We were finally out of clean cups Wednesday so I did the dishes. I am using the same set of flatware I bought before I got married nearly four decades ago. It was a dainty little Oneida pattern with ivy garland on the burnished handles and now I have a question: where have all the teaspoons gone? Really. I started with 16; I’m down to six. That’s a 62.5 percent casualty rate.
I have a 70-year-old cast iron kitchen sink with no garbage disposal so grinding down the drain is not an option. I never sent real spoons out on picnics or trusted their safe passage in packed lunches. We also never recycled any flatware into trendy wind chimes so — what’s the answer? My mom has been a homemaker for 63 years and she still has all HER teaspoons.
I know where my own youth has gone; I have watched it settle on my hips with only a few blackout years spent in job hell or being caught up in surviving two kids in diapers. I even know where my waistline went. It’s now cowering under my mid-life tattas. But where have my teaspoons gone??? I haven’t a clue.
I raised this question at a formal dinner recently and some new thoughts emerged. The ideas included the sad truth that some spoons just get trashed along with the pudding containers where they scooped their last spoonful. Someone else pointed out that if the dog noses a bowl of cooked oatmeal under the sofa, time leads to a gruel fate as the bowl and spoon become permanently bonded and both are most likely taken directly to the trash to conceal the evidence.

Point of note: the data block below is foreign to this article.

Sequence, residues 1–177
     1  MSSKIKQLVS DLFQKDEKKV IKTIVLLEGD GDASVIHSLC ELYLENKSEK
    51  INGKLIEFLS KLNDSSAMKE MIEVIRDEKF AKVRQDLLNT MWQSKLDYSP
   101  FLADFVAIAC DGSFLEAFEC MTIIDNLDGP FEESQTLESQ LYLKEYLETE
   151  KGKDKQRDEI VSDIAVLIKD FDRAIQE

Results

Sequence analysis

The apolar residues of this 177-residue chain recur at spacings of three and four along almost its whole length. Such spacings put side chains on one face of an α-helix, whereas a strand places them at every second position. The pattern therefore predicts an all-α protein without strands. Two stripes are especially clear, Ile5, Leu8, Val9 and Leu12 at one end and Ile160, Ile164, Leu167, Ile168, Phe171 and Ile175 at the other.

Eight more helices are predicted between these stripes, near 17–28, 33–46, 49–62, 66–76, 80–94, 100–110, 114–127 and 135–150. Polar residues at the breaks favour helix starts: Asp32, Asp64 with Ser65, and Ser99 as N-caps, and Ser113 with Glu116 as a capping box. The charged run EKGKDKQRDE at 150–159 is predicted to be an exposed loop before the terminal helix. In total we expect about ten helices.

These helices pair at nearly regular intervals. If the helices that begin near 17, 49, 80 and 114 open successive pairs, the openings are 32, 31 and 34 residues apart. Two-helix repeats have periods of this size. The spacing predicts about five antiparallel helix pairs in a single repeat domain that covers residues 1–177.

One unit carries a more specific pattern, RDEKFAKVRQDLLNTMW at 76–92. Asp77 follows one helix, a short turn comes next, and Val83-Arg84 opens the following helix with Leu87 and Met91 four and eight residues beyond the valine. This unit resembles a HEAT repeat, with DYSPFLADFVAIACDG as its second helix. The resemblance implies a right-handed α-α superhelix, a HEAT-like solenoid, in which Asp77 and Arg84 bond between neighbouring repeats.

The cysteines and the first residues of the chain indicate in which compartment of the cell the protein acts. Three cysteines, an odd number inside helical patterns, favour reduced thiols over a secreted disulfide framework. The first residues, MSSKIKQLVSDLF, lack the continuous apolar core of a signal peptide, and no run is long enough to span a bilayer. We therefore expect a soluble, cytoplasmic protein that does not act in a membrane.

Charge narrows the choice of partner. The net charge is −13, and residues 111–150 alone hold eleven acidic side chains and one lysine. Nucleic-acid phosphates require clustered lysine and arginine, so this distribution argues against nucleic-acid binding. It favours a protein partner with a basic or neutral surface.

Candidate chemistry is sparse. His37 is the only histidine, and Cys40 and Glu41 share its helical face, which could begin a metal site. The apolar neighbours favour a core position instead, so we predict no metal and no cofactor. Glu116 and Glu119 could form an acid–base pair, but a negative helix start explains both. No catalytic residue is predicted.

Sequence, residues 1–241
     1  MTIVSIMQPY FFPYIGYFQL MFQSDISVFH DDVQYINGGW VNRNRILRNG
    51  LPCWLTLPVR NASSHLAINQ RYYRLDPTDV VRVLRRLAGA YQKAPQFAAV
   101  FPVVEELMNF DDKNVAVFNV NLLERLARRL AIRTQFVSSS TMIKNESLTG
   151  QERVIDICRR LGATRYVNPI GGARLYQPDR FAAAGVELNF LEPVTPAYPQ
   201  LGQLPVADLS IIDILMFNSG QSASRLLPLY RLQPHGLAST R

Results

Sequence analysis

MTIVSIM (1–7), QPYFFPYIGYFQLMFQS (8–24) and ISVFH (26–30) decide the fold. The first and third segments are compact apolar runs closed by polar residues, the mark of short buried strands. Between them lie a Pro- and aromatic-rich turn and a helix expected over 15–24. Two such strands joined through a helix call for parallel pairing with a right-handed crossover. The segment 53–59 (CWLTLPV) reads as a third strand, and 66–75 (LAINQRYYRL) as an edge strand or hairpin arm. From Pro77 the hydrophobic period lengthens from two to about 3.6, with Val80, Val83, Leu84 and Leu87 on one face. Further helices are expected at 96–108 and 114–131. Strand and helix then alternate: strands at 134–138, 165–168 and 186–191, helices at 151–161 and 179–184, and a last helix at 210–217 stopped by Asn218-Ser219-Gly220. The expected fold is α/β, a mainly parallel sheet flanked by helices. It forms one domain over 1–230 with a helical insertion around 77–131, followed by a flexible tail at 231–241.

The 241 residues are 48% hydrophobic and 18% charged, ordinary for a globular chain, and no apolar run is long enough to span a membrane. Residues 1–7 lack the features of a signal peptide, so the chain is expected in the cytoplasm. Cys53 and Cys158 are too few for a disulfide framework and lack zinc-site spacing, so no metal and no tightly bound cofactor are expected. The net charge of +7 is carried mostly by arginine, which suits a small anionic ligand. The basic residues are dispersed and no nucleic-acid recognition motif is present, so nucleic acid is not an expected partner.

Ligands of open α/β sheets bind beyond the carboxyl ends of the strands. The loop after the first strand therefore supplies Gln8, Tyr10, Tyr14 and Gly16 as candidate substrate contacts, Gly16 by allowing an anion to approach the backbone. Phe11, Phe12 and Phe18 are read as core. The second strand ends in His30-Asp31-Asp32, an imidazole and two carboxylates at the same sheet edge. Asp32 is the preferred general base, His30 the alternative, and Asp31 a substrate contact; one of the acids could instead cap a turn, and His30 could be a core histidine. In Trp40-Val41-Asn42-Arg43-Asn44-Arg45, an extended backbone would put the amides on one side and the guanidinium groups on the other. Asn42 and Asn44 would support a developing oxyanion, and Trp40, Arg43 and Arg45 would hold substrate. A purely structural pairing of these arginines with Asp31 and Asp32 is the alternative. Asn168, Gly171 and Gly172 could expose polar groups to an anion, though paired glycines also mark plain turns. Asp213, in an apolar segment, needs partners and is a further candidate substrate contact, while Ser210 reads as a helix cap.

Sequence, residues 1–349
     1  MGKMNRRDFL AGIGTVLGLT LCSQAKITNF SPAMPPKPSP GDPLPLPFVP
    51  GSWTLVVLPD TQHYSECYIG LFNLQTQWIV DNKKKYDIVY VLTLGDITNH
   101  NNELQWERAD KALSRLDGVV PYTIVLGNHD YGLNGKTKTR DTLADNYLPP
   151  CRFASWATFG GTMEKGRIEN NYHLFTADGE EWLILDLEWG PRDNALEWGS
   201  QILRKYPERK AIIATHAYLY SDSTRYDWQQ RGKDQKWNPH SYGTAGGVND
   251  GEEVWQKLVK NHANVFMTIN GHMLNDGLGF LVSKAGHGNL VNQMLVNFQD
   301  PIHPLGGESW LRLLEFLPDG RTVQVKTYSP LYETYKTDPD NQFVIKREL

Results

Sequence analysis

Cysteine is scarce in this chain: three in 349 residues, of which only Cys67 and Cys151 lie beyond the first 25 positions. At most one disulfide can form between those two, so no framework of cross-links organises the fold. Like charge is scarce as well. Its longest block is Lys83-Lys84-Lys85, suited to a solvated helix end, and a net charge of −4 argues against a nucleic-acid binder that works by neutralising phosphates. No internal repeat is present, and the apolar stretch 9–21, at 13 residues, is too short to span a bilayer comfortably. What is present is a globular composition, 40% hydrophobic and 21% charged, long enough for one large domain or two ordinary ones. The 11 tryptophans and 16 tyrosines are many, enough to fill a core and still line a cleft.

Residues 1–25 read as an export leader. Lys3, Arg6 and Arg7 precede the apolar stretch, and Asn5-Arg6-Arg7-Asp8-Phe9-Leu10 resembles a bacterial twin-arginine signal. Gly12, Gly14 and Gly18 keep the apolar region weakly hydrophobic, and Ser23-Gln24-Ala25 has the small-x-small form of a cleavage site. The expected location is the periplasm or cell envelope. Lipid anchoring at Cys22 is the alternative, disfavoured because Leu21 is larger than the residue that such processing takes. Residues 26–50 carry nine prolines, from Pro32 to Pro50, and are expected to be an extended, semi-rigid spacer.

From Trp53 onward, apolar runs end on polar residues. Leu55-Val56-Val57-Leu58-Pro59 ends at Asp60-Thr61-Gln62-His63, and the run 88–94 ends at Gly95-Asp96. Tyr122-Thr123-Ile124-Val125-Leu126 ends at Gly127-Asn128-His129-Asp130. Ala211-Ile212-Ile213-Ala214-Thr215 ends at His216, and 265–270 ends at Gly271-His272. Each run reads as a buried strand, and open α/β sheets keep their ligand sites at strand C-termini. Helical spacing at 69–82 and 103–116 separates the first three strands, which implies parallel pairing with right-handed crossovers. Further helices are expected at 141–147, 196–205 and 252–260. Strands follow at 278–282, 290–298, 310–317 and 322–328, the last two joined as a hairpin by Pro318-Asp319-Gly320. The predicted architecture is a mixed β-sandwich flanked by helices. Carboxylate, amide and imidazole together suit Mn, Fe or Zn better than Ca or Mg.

I also remember painting a few faces of former bosses on a teaspoon or two and tossing them into the brine of a pickle jar as I learned from that sassy little character from Lilo and Stitch. But that was a long time ago (and besides, they needed to be punished).
During my search and rescue efforts to find my flatware, I did uncover six other foreign spoons, all unique, that matched nothing in my kitchen. I’m sure their original owners have stopped waiting for the phone to ring by now with a promise of their safe return.
I’ve discussed this mystery with enough people to know this is a universal problem. Now here is my proposal:
1. Take your own home inventory to see what you may be missing from your set.
2. Set aside the invasive species that don’t match your pattern and drop them in a zip lock baggie.
3. Carry this baggie with you at all times.
4. Every time you pass another kitchen sink – at a friend’s house, in the office break room, in the house that’s up for sale, drop a mismatched teaspoon on the counter.
5. When you are all out of mismatched spoons, you can take a break until the next new spoon appears in your kitchen drawer.
I really think this could work. I’m sending this directive to 150 people on my distribution list. If we all find new homes for six mismatched teaspoons and also send this note on to just 50 more friends each, we will be putting 45,906 teaspoons back into circulation. At least one of them might be mine. Please call me if you find it. (And if your face was ever in my pickle jar, I do apologize; I’m over it.)